Using this assessment tool would be great to get a sense of the environment. During the pandemic, it’s even more critical for us to be aware of these different domains, obtain feedback from students, and reflect on their learning experiences to support continuous improvement. This could include, for instance, students’ engagement in the course, their interaction with content, and course design and facilitation.

Can you talk about significant changes and trends in online learning and the impact on assessment and evaluation? No doubt, the pandemic has been a driver.

Key, I think, is the need to be explicit about course expectations, tasks, learning outcomes, and how to provide criteria for success. While this focus was popular before the pandemic, it has become more so, colleagues have shared. The Transparency Framework was developed to promote the success of all learners. It is a useful framework because it highlights the need to be explicit and transparent to learners about what they’re being asked to do in the course. For example, how the course work will help learners develop their skills and what criteria will be used to evaluate their assignments.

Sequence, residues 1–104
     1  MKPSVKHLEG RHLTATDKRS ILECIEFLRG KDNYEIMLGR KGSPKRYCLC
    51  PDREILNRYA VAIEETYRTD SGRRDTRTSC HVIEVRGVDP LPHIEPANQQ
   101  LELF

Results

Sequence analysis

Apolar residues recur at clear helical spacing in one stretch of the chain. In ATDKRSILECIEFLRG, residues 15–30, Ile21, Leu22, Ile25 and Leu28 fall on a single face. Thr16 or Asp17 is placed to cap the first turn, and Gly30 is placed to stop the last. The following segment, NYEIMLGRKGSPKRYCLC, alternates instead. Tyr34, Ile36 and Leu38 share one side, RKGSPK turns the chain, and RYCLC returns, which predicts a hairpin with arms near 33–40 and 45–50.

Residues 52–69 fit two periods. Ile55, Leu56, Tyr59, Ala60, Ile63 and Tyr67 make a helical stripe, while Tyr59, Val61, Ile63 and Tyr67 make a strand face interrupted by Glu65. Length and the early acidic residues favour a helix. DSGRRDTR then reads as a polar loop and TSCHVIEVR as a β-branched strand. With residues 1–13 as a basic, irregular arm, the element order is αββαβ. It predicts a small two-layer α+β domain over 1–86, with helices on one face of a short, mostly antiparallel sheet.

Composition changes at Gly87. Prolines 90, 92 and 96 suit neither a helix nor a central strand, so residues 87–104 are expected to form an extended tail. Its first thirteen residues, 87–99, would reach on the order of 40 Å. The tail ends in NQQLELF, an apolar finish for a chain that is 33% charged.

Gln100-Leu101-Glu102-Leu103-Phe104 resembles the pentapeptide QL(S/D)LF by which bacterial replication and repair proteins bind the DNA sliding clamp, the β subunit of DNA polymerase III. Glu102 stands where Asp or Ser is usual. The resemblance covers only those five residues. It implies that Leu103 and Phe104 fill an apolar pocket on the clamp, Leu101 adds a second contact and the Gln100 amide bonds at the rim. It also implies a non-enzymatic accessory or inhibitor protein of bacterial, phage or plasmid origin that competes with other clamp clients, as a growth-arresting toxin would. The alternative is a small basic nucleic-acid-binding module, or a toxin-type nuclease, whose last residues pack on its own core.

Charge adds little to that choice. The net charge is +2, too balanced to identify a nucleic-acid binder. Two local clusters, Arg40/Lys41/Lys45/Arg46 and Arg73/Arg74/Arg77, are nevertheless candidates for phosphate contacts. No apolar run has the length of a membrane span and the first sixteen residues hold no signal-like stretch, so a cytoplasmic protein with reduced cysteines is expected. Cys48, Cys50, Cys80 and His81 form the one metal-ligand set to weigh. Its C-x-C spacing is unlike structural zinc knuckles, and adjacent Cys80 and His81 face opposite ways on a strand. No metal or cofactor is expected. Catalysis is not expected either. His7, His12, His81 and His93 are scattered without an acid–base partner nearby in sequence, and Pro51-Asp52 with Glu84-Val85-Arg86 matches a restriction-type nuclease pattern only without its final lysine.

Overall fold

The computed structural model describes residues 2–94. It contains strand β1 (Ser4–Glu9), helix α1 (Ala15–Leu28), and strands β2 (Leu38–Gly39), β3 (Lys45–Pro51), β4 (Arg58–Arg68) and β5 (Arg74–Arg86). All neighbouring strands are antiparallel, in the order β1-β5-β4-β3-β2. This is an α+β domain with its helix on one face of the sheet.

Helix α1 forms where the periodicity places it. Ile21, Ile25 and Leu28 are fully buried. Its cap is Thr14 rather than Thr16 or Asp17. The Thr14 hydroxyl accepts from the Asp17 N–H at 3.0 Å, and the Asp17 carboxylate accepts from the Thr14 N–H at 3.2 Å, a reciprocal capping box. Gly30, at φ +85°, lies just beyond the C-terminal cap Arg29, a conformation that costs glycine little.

So, this tool helps make sure expectations about coursework are clear and that learners understand how their papers and assignment will be evaluated. It will also help them see a connection to learning outcomes that can support their development.

Learn more about the “Evaluation and Assessment Models in Online Learning” chapter and hear from its three authors https://youtu.be/yVCcsg1jY90.